A poll of George W. Bush's mental health was available from June 22, 2004 till its location (http://pub.alxnet.com/poll?id=2421214) was cancelled by the poll folks.
The sample poll is shown below, but first here are the top votes for various snapshots; the date of each snapshot links to the location where you can see the full report:
|Date of snapshot.||Number of votes.||Most popular vote.|
|(03.17.2005)||899||Dry drunk (as Alcohol-Related Disorder NOS) (DSM 291.9). 217 (24%).|
|(01.12.2005)||821||Dry drunk (as Alcohol-Related Disorder NOS) (DSM 291.9). 204 (24%).|
|(12.20.2004)||797||Dry drunk (as Alcohol-Related Disorder NOS) (DSM 291.9). 198 (24%).|
|(10.30.2004)||631||Dry drunk (as Alcohol-Related Disorder NOS) (DSM 291.9). 162 (25%).|
|(10.11.2004)||506||Dry drunk (as Alcohol-Related Disorder NOS) (DSM 291.9). 133 (26%).|
|(07.22.2004)||109||Dry drunk (as Alcohol-Related Disorder NOS) (DSM 291.9). 133 (26%).|
|(07.08.2004)||79||Dry drunk (as Alcohol-Related Disorder NOS) (DSM 291.9). 22 (27%).|
|(07.05.2004)||70||Delusional Disorder (297.1) and Dry drunk (as Alcohol-Related Disorder NOS) (DSM 291.9). Each 19 (27%).|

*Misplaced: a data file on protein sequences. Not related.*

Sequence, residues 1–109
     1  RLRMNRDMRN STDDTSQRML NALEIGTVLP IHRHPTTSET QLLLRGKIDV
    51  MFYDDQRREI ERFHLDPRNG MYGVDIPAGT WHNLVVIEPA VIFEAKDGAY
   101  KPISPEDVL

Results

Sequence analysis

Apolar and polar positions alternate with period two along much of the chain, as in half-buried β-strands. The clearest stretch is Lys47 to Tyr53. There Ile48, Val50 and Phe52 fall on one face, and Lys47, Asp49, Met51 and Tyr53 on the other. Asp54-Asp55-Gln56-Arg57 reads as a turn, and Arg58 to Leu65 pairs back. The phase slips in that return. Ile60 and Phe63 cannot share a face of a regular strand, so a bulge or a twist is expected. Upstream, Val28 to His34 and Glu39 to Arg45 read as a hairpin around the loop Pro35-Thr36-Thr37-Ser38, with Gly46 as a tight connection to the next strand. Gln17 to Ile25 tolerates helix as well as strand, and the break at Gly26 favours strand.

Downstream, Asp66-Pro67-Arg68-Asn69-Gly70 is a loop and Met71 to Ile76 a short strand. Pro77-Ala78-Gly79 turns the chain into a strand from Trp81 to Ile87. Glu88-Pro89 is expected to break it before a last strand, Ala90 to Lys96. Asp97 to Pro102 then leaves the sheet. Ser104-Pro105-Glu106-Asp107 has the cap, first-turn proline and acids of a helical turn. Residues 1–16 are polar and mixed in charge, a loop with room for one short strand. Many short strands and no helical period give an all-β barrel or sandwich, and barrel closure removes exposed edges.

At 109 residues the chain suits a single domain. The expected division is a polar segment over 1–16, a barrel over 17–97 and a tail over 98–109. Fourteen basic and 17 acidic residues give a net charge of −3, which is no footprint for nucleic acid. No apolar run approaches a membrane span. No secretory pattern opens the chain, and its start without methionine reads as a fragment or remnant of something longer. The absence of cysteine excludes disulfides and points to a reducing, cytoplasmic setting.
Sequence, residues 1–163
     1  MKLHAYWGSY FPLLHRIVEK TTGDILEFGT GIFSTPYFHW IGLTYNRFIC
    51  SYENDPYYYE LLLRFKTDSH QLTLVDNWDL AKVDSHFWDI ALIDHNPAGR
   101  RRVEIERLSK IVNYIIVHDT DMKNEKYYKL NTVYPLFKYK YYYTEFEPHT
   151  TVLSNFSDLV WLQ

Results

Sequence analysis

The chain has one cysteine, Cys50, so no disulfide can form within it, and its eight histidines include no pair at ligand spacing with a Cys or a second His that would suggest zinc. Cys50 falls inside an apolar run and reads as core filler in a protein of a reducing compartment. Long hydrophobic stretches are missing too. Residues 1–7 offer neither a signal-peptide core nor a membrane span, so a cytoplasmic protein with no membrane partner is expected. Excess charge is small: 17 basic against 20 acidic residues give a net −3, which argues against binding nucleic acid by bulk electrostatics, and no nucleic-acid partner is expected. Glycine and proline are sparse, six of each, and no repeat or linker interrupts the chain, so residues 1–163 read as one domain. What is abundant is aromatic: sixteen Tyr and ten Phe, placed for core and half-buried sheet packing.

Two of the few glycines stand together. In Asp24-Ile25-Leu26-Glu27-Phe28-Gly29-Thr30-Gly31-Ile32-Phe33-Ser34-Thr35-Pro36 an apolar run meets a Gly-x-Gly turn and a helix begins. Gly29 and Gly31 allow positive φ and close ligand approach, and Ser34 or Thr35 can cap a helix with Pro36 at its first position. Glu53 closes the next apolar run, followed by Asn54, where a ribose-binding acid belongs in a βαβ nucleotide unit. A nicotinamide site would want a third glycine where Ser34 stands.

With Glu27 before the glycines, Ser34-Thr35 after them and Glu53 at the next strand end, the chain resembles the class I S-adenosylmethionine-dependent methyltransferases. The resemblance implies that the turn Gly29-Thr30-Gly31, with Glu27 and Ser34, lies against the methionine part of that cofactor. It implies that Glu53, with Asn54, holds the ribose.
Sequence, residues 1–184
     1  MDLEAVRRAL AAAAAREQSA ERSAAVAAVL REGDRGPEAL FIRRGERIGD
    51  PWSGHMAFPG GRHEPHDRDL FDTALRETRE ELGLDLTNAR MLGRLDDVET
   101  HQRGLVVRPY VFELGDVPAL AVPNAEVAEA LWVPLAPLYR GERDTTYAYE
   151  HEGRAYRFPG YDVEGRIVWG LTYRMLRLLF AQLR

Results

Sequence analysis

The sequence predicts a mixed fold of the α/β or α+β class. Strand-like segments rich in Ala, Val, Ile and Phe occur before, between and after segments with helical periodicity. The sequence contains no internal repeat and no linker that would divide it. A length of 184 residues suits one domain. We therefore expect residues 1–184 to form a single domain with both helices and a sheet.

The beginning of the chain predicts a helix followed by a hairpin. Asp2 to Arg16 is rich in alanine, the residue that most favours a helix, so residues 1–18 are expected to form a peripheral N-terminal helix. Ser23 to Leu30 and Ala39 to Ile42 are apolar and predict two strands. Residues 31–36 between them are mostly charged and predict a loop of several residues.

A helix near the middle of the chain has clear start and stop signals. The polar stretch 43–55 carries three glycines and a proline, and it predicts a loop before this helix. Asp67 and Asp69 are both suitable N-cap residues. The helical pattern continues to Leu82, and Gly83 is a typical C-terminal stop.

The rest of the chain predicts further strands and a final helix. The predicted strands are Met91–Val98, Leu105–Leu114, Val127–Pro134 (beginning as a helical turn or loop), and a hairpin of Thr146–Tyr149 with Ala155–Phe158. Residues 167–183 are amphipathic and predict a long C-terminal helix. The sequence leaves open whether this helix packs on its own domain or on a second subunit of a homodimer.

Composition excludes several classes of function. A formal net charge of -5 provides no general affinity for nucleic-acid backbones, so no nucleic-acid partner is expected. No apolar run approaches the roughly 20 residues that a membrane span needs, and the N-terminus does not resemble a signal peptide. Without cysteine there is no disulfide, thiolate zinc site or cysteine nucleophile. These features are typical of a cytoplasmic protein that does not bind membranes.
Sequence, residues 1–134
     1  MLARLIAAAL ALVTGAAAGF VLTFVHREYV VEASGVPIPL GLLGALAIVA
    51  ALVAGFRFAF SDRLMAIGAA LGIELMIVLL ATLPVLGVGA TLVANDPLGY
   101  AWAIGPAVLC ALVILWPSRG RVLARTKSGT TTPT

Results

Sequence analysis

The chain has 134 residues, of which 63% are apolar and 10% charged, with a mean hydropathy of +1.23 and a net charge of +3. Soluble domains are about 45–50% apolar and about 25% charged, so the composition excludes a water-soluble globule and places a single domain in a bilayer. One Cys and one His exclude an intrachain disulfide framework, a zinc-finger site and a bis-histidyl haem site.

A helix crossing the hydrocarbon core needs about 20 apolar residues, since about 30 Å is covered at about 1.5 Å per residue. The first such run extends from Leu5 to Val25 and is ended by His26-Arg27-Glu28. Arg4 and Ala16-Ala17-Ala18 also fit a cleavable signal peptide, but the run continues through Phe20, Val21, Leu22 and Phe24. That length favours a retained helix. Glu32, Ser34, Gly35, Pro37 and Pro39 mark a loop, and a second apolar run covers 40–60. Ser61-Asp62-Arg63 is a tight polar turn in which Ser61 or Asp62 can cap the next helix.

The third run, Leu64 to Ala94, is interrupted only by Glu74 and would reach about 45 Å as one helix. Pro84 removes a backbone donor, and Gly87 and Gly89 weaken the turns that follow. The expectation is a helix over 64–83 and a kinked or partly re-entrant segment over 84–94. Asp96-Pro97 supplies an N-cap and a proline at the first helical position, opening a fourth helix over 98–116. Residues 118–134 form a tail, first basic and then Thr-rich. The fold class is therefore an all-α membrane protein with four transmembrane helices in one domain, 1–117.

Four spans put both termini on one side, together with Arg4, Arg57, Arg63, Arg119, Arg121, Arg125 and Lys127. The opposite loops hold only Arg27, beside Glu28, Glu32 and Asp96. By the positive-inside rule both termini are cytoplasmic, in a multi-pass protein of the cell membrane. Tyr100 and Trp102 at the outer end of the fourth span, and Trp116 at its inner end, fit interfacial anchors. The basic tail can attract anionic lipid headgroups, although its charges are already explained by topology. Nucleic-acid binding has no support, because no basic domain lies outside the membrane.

|(06.29.2004)||40||Delusional Disorder (297.1) 13 (32%).|
|(06.22.2004)||10||Delusional Disorder (297.1). 5 (50%)|
Final Results of Ariadne Unst's poll on George. W. Bush's mental health
|Count of |
[Final poll opinions on the most obvious mental health problem of George. W. Bush.]
|10%||(97)||Antisocial Personality Disorder (DSM 301.7).|
|8%||(79).||Attention-Deficit/Hyperactivity Disorder predominantly hyperactivity (DSM 314.01).|
|20%||(181).||Delusional Disorder (DSM 297.1).|
|24%||(217).||Dry drunk (as Alcohol-Related Disorder NOS) (DSM 291.9).|
|20%||(183).||Narcissistic Personality Disorder (DSM 301.81).|
|5%||(50).||Politician Syndrome (proposed new DSM category 333.333).|
|5%||(48).||Some other mental health diagnosis.|
|4%||(44).||No problem: he is mentally healthy.|
What you bring to this poll may well be similar to what Henrik Hertzberg, in his review in the May 10, 2004, New Yorker of Bob Woodward's Plan of Attack suggests that people bring to that book: